Wednesday, August 3, 2011

Fried Squash Blossoms

Squash Blossoms

I was going to tell you about bread today since the weather has finally cooled off a bit, and I've got a loaf in the oven right now. BUT. Squash blossoms are in season. I saw them Monday at the Central Square farmer's market and I'm sure there are a couple of weeks left, but guys... it's August.

Washed Blossoms

August, meaning that it'll be September before we know it, meaning that we must gorge ourselves on summer food now, while we still can! What are you guys wolfing down right now? Corn? Tomatoes? Peaches?


You might consider adding squash blossoms to the list. The most popular way to eat them is to stuff them with something tasty and fry 'em up, which is precisely what I did here.

Fried Blossoms

I did learn something cool from Zoe while I googled around on methods for stuffing and frying. You don't have to be so super careful not to rip the petals when you're cutting out the stamens, you just have to be deliberate and only tear it in one place. Then you can fold the flap over the filling and the coating will seal it shut in the frying oil. No need to twist it shut for round cylinders, flat things are easier to fry in less oil, anyway.

Dinner Blossoms

Stuffed Fried Squash Blossoms
serves 4 as a light meal (we had salad, too)

I served these with a simple tomato sauce: finely chop a small onion, sweat in a bit of olive oil, add a minced clove of garlic, then add a 15 ounce can of crushed tomatoes - I used the very last pint jar of home canned from 2010 - and simmer until thick. Add herbs (basil, oregano, marjoram) if you have them around. 

one dozen squash blossoms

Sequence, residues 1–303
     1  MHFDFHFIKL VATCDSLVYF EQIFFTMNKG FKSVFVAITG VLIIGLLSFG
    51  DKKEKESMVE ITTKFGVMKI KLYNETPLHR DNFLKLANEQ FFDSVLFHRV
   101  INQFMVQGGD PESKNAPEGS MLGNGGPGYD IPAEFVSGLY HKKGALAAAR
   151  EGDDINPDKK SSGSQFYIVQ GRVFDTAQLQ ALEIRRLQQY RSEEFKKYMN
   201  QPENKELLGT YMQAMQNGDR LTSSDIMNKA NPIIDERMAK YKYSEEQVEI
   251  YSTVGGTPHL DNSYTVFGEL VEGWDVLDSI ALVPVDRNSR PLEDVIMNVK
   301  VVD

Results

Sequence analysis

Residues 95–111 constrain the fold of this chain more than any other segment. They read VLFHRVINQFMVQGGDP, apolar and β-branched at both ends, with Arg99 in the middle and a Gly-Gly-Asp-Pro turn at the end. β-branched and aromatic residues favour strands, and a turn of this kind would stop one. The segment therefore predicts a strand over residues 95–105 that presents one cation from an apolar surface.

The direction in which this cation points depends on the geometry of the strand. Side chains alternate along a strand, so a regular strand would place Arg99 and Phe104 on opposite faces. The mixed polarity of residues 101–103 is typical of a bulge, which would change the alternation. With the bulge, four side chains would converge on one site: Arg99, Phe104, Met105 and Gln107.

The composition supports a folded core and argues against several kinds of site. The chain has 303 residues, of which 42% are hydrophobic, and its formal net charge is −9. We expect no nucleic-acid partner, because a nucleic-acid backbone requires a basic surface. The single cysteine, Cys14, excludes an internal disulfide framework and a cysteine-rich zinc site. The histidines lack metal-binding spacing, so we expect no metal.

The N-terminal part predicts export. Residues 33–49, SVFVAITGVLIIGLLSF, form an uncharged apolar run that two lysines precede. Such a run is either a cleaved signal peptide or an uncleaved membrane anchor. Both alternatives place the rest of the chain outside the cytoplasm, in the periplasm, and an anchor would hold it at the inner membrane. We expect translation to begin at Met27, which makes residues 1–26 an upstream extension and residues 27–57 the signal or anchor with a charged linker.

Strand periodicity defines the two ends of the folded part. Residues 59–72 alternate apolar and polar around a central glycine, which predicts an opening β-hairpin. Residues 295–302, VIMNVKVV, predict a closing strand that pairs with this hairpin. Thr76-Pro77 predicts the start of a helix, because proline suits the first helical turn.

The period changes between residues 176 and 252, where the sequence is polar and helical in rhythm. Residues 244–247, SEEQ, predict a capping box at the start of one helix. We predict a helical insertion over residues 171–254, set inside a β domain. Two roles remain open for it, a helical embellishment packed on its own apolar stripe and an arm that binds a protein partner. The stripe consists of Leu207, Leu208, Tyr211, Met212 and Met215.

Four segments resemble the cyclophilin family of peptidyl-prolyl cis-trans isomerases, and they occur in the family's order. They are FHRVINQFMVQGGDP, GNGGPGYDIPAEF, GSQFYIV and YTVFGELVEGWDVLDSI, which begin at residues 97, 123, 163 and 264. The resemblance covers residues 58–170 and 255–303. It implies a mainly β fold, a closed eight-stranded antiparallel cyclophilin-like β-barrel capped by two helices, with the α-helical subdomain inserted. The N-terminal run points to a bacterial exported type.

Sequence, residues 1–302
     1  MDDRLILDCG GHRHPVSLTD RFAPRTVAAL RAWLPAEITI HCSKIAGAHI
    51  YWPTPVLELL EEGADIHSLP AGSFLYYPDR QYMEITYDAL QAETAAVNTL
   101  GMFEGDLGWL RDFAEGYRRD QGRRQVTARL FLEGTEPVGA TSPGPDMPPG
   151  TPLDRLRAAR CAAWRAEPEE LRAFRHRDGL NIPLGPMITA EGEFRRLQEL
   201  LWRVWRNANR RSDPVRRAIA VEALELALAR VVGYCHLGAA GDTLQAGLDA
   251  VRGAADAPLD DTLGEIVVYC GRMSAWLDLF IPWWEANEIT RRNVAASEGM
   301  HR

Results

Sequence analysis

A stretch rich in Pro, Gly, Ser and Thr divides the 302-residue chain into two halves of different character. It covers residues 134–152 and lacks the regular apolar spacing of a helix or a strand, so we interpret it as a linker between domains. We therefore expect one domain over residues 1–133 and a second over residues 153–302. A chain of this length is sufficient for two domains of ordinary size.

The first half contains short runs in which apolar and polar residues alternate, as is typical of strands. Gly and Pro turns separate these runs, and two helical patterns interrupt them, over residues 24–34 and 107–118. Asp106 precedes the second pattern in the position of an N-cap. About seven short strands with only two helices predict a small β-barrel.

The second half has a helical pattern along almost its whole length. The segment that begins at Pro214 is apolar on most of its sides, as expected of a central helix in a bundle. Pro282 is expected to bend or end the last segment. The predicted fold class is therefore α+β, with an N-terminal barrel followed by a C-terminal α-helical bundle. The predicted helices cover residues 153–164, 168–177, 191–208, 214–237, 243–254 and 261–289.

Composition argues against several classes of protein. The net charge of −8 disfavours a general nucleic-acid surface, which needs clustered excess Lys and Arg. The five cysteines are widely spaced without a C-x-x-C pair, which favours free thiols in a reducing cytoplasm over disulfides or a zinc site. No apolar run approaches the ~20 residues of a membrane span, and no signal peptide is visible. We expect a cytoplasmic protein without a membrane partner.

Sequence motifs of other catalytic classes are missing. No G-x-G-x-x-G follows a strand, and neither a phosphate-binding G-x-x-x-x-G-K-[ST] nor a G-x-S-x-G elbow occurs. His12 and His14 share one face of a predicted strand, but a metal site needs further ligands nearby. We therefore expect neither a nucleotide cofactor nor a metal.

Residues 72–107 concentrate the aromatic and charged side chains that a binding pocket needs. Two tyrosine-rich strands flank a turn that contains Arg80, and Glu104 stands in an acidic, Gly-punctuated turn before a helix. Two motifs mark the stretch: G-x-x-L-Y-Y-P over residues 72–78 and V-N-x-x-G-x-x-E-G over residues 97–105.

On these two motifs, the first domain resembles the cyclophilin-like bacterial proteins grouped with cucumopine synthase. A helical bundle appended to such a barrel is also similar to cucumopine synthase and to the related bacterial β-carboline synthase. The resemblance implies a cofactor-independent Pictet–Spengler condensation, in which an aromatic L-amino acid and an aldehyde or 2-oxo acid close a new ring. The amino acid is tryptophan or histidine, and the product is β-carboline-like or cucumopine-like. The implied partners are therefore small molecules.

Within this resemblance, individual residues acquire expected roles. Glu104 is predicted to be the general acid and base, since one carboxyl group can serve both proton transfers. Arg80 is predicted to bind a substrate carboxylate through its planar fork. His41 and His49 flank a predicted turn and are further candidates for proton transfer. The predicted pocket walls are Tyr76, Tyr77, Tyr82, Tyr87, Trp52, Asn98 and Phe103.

1 cup ricotta cheese
2-3 tablespoons finely chopped fresh herbs: basil and oregano are great, sage would be nice, I think.
salt and pepper
one egg
1/2 cup flour
vegetable oil for frying

Fill a big bowl with cool water.

First, prep the blossoms: remove the calyxes (little green leafy things) from the base of the flower. Slit the petal in one spot all the way down to the green part and carefully cut out the stamen. Carefully swish the flower in the water and lay it, open, on paper towels to dry. Repeat with all the blossoms and allow them to dry.

Meanwhile, get the filling ready. Mix up the ricotta with the herbs and some salt and pepper. Taste it, make sure it's good. Once the blossoms are dry, pipe or spoon in a small amount of filling into each flower. Don't overstuff! It'll just leak out and make frying more difficult. Fold the flap over the cheese.

Beat the egg in a shallow bowl until well blended, season with a little salt and pepper. In another shallow bowl season the flour, too. In a heavy skillet, heat about an 1/8 of an inch of oil over medium-high heat. The oil is hot enough when a pinch of flour dropped in sizzles immediately. One at a time, carefully dip each filled flower in the egg, letting the excess drip off, and then into the seasoned flour, patting off excess flower so the coating is light, not clumpy. Fry until golden, a few minutes on each side, then drain on paper towels. Don't eat them right out of the pan or you'll burn your mouth on the hot cheese, make sure to give them a minute!


  1. awesome! i'm pretty sure squash blossoms don't exist here... or else are in one of the off-the-beaten-path markets i haven't been to (which is not many). what do they taste like? i can't imagine.

  2. Darn! I am just back from the Farmers Market here in SF and I saw bags of them -- I will pick 'em up next week.

  3. We just had squash blossoms stuffed with goat cheese at a restaurant in DC... they were delicious. They weren't fried so they just provided a mellow vehicle to consume the goat cheese. Yum! :)
    Here is the link to the post if you want visual evidence ;)